The crowding-out effect occurs when public sector spending reduces spending in the private sector.
Breaking down the crowing out effect
- The crowding-out effect describes the way government spending reduces private spending.
- Public sector spending is accommodated by increasing taxes or the level of borrowing itself. This reduces available capital and decreases consumer confidence.
- In the long term, the crowding-out effect inhibits economic growth and, in some cases, can exacerbate pre-existing fiscal issues.
Understanding the crowding-out effect
Governments engage in spending to increase demand for goods and services among consumers at a given time and price – otherwise known as aggregate demand. However, such public spending is theorized to decrease aggregate demand instead of the reverse.
How governments finance this increased spending explains the crowding-out effect and how it can reduce consumer confidence in spending.
Spending is usually financed by:
- Increasing tax – taxes imposed on consumers and businesses reduce the amount of discretionary income, thereby reducing demand for goods and services.
- Increased borrowing – governments finance borrowing by selling bonds to the private sector through pension funds, investment portfolios, and private individuals. With private sector capital invested in government bonds, there is less to invest back into the private sector itself.
Fundamentally, the crowding-out effect reduces the total amount of savings available for investment. As public spending increases, so too does the demand for available capital. However, the total amount of capital remains constant. This has the effect of increasing interest rates to a level where only governments can afford to service loan repayments. When this occurs, individuals and businesses of all sizes are forced, or “crowded-out” of the market.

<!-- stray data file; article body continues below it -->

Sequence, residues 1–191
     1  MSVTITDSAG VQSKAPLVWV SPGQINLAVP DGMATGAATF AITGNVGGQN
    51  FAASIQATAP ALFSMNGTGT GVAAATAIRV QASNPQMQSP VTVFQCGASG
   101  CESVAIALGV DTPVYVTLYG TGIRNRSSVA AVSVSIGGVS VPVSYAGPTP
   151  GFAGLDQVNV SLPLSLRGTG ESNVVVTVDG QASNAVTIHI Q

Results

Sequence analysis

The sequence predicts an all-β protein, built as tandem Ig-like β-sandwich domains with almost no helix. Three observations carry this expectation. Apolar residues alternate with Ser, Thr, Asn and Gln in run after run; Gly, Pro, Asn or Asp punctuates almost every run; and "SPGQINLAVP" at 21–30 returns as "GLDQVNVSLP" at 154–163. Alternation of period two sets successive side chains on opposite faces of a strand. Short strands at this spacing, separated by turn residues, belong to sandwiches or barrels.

Consider the case of a company looking to borrow $100 million to build a new headquarters. Before government spending, the company was offered an interest rate of 6%. But after the government announced it would offer business loans to stimulate the economy, the company finds the interest rate is now 8%. With a 33% rise in the interest rate, the company cannot afford to service the loan. They are in effect prohibited from entering the market, and the resultant jobs and consumer spending that would have occurred from construction are also lost.
Why does the crowding-out effect matter?
Decreases in private sector spending on goods and services ultimately slows economic growth. When governments borrow money to stimulate consumer spending during a recession, consumers are fearful of being crowded out and subject to higher taxes or interest rates in the future. As a result, they tend to save the stimulus money instead of spending it. This, in turn, renders fiscal stimulus packages ineffective.
The cyclical nature of the crowding-out effect
Government spending has the potential to backfire and reinforce the problem it was designed to address. This can be observed in the following examples:
- Economy – governments that spend more to address shortfalls in tax revenue may create a negative cycle where they spend more and more capital to try to stimulate a private sector that becomes increasingly crowded-out of the market.
- Welfare – with more consumers turning to welfare during a recession, the government must spend more money to accommodate them. This spending is derived from borrowed capital that is serviced by governmental raises in private sector interest rates and taxes. This then reduces discretionary income and makes consumers more reliant on welfare.